While the sand and surf at the Virginia Beach oceanfront have been given the green light to partially open, the beach at Cape Charles remains closed.
Supposedly, VB has provided some sort of policing policy that seemed to satisfy the governor.
The Mirror attempted to contact Mayor Smitty Dize about whether he or the alleged Town Manager had contacted Northam about opening our beach. The response was the status quo–no response (his business, of course, has not been affected by the lockdown). Quite different from when George Proto and Larry DiRe were on board. I believe Proto and DiRe would have been on the phone to Richmond every day since April 1. The governor would have our beach protection plan on his lap right now.
So, the beach remains closed until Northam gives the go-ahead to lift the gates of Stalag 13. Meanwhile, our elected “officials” and paid staff cowers like craven dogs under the Governor’s “Executive Order”. This is not leadership, and certainly not a well thought out risk management strategy.
It’s such a joke. If you sit on the beach, all by yourself, with the nearest person 3000 yards away, the Five-O will swoop down with their ATVs and run your ass off…from your own beach. A pretty pathetic flex, really.
COVID-19 is quite impressive…it doesn’t contaminate you at Walmart, Target, Home Depot, Costco, etc…but it will get your ass at Kelly’s, The Shanty, or at the beach.
And there are the people (Karens) that agree with this nonsense, “You are an ass…they are just trying to keep the town safe!” Resting Karen Face is a thing, I’m learning. Sort of a demeanor that says “I am THIS CLOSE to lecturing you while looking like I’m dying to get day drunk on rosé.” These are the same people that confront you about not wearing a mask.
Note: We are all in this together…but some of us are more in than others. As a rule of thumb, deaths from too much freedom are an atrocity, while deaths from too much authoritarianism are an unfortunate necessity that we’d thank you not to mention.
What has led to the stupid reaction? Cape Charles, like most of the world, doesn’t know the difference between scary and dangerous. Sure, Covid-19 is scary, but how dangerous is it? It kills for sure, but this is not our first rodeo with diseases.
Heart disease is the leading cause of death in the United States, killing around 650,000 people every year, 54,000 per month, or approximately 200,000 people between February and mid-May of this year. This qualifies as extremely dangerous. Should we close the beach down when someone dies from this? Medical malpractice is the third leading cause, so by all means, let’s listen to the “experts”.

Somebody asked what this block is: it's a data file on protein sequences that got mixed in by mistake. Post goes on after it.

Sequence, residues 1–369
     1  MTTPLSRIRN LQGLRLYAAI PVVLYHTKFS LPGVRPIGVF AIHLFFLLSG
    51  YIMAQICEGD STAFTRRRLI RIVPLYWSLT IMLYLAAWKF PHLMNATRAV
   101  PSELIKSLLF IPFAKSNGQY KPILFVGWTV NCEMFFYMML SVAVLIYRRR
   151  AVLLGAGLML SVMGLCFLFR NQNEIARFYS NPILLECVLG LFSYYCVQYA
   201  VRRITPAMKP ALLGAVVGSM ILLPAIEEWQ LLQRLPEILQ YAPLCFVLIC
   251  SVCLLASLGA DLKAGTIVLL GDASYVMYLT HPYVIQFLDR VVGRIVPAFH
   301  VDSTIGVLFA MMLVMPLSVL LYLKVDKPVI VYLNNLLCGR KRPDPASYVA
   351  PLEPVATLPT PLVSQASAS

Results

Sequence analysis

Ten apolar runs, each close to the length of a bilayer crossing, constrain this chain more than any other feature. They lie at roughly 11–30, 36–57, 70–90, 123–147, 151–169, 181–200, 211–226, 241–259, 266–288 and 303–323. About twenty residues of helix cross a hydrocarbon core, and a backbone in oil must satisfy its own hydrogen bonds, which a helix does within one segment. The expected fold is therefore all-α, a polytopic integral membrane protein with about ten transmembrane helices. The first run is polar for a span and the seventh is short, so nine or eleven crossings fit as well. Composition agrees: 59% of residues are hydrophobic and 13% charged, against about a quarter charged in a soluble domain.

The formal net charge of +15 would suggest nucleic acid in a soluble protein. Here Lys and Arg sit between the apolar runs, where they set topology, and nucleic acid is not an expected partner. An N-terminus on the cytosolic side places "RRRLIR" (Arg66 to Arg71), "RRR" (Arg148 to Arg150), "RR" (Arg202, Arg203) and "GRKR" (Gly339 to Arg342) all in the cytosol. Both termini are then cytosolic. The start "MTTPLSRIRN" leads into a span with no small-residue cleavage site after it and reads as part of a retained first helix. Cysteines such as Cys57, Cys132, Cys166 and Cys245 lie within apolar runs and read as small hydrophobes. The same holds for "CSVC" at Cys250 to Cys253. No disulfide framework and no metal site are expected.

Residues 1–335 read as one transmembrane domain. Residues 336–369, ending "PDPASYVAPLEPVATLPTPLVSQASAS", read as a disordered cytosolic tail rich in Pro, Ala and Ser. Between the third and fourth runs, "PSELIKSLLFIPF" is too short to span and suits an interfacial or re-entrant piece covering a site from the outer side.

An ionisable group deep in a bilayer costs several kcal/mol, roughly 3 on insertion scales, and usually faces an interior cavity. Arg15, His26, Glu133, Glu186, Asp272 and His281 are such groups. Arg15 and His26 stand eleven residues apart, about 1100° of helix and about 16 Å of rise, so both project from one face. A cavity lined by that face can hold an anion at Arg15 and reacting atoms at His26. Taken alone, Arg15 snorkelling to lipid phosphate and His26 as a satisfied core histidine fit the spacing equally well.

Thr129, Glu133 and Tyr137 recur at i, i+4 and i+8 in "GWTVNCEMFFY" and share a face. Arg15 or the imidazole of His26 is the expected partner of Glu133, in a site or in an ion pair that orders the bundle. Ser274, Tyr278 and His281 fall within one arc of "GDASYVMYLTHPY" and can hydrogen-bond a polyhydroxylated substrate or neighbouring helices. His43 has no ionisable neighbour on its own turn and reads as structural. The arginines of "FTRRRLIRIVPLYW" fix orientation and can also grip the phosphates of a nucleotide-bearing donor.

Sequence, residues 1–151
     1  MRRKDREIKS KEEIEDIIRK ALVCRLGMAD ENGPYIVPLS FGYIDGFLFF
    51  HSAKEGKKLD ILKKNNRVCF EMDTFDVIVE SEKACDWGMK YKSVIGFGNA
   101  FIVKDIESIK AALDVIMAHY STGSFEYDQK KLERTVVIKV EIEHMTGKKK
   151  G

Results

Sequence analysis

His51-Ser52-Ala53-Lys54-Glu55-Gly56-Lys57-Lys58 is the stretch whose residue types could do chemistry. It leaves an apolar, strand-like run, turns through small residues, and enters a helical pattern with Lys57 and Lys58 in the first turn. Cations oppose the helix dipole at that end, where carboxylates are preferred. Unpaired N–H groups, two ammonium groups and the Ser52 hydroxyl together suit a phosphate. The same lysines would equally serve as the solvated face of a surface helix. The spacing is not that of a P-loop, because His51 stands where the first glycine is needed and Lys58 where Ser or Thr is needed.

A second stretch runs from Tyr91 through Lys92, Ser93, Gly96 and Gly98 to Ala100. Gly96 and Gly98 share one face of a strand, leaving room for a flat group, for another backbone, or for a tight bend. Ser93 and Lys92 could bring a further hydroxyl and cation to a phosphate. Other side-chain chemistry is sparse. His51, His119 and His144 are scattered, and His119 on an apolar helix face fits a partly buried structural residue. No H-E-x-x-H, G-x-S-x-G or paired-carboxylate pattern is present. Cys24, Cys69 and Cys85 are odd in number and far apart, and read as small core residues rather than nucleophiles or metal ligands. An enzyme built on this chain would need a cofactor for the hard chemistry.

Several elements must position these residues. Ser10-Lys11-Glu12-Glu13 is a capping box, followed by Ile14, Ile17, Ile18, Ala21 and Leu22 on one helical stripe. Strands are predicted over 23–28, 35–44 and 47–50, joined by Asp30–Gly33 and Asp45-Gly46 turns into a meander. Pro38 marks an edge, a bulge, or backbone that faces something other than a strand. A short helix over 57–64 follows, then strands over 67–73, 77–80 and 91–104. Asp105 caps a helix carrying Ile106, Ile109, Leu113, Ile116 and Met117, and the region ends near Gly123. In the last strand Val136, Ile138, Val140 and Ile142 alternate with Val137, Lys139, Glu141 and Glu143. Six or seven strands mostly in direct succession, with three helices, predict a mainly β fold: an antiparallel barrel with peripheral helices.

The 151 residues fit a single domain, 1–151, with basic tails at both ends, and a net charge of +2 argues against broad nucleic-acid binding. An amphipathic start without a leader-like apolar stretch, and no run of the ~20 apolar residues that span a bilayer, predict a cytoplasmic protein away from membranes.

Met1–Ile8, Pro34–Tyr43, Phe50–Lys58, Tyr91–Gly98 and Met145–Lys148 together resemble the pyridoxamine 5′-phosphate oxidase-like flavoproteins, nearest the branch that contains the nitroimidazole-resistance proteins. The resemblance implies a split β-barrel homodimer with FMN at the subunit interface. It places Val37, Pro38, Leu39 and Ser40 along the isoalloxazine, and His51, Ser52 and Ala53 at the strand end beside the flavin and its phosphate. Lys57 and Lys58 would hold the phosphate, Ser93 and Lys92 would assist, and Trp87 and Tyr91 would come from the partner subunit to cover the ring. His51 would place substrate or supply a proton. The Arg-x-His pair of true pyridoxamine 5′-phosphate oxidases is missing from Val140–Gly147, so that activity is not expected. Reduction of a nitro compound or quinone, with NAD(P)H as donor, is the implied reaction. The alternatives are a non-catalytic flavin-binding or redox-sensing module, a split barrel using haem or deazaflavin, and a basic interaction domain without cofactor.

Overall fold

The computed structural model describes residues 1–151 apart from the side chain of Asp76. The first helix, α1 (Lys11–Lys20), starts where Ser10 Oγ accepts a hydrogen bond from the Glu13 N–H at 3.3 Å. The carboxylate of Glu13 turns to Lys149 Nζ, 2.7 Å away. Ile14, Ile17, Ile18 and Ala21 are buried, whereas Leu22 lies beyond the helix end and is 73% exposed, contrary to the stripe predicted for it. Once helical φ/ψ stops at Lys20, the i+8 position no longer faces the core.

According to CDC data, 81% of deaths from COVID-19 in the United States are people over 65 years old, most with preexisting conditions. If you add in 55-64-year-olds that number jumps to 93% (if you take away nursing home deaths, the number plummets). For those below age 55, preexisting conditions play a significant role, but the death rate is currently around 0.0022%, or one death per 45,000 people in this age range. Below 25 years old the fatality rate of COVID-19 is 0.00008%, or roughly one in 1.25 million, and yet we have shut down the county, and town.
Good article but you missed one important point. The reading comprehension of the town is lacking. Beaches are not closed. They are only closed to activities other than exercising and fishing unless the town council went above and beyond Northam’s order and fully closed the beach, but I don’t think that was done. So I think the town council has some explaining to do as to how a banner was erected at the entrance to our town stating that the beach is off-limits, when it was, in fact, still open. Maybe it was meant to further the town manager’s goal of making the town uncomfortable to tourists. — Reader Submitted Comment via Facebook
What are we doing, really? There is nothing more horrifying than stupidity in action. While the beach is a metaphor, what the town has done has shut down the private sector, usurped more power for itself, and has destroyed a large chunk of wealth. Short-term risk has been parlayed into long-term problems.
A review of all of this needs to be done. One piece of data that is emerging is that the real non-essentials are the Mayor, Town Council, and 2/3 of town employees.